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EDITORIAL

Jakarta will be just fine

/ 06:42 PM September 01, 2019
New wave: Pedestrians use the newly completed crossing bridge over Jl. Sudirman in Central Jakarta in this file photo. (The Jakarta Post/Iqbal Yuwansyah )

New wave: Pedestrians use the newly completed crossing bridge over Jl. Sudirman in Central Jakarta in this file photo. (The Jakarta Post/Iqbal Yuwansyah via Asia News Network)

JAKARTA — President Joko “Jokowi” Widodo’s plan to relocate the capital city to East Kalimantan has picked up pace with his announcement of the location and the timeline of the project this week. In 2024, civil servants should begin moving there.

He said Jakarta and Java could no longer bear their burdens, which will mount in the years to come. Jakarta is sinking faster than many other metropolises and experiences annual flooding, not to mention the lurking threats of megathrust earthquakes. Jokowi said one of the reasons for the choice of East Kalimantan as the site of the new capital was “safety”.

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For Jakarta, however, problems and challenges will remain, if not worsen, even when hundreds of thousands of its inhabitants move to the new capital city. Without the President and his ministers, Jakarta will endure a heavy burden as it does today. It will continue sinking, facing inundation when heavy rains fall, and remain vulnerable to high-magnitude quakes. Traffic congestion, air pollution and piling garbage will continue to characterize the city.

Jakarta Governor Anies Baswedan said in April that the relocation of the capital city, along with an estimated 180,000 civil servants plus thousands of military and police personnel, would barely change the city, home to a population of 10 million. There are 17 million registered private vehicles roaming Jakarta, only 141,000 of which are government vehicles.

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Many civil servants who work for the central government are spread across Greater Jakarta, which has a population of about 30 million people. Assuming that all civil servants bring their families to the new capital, located in North Penajam Paser and Kutai Kertanegara regencies, Jakarta will only lose 800,000 of its current inhabitants. That number is not small, but it will not put an end to the environmental problems in Jakarta and its surrounding cities.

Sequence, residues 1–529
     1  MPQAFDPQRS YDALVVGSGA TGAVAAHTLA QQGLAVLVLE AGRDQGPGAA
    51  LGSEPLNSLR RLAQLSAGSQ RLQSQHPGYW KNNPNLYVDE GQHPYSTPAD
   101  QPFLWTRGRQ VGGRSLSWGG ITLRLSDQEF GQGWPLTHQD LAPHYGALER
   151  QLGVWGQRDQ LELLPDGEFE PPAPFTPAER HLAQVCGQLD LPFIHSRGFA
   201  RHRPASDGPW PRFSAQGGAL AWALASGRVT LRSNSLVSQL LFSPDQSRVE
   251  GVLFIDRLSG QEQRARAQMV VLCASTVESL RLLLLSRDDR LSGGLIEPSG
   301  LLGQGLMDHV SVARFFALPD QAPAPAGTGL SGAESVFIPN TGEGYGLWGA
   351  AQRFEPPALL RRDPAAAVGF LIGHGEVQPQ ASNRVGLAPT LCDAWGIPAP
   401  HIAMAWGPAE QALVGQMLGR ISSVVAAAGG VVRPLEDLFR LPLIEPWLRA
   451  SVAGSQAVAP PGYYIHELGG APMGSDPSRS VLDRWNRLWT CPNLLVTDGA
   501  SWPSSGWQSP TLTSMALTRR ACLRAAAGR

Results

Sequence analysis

Neither will the relocation of the seat of power deprive Greater Jakarta of economic growth and the privileges it has enjoyed for decades. Property prices in Jakarta and its satellite cities are not likely to decline because Jakarta will remain the country’s financial, trade and cultural hub. It will be hard to convince big companies to move their headquarters from Jakarta to the new capital city.

Jakarta will continue to be the location of the Indonesia Stock Exchange, glamorous shopping malls, bustling middle-class shopping centers, movie theaters, performing arts halls, art galleries and so on. Top-notch schools, universities and hospitals will all stay in Jakarta.

The city will be as vibrant as it is today and provide prime opportunities for those intent on developing their careers. Jakarta will remain the land of dreamers, with a divide between the richest and the poorest.

For many years to come, Jakarta will continue to show its unfriendly face, although teenagers and the youth might still consider it to be the coolest place to live. Jakarta can bid adieu to the capital, but the city is going to be just fine.

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TAGS: Asia, Indonesia, Jakarta, opinion
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